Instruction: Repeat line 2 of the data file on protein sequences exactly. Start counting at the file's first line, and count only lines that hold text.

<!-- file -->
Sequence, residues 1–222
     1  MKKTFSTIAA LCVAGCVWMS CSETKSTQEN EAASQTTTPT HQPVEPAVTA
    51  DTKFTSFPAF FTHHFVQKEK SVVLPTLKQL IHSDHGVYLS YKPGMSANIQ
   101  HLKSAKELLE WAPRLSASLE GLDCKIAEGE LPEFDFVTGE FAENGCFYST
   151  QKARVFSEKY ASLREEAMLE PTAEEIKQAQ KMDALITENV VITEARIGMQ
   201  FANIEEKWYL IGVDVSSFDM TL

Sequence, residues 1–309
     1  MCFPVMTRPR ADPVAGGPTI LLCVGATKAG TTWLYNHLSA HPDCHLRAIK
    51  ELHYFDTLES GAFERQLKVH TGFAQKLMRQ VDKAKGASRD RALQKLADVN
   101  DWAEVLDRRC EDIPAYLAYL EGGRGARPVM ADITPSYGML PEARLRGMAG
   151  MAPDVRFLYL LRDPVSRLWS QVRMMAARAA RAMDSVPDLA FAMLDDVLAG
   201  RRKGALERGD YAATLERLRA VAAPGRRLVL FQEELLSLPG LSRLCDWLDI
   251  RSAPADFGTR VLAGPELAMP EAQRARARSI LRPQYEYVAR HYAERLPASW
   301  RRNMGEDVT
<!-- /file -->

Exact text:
     1  MKKTFSTIAA LCVAGCVWMS CSETKSTQEN EAASQTTTPT HQPVEPAVTA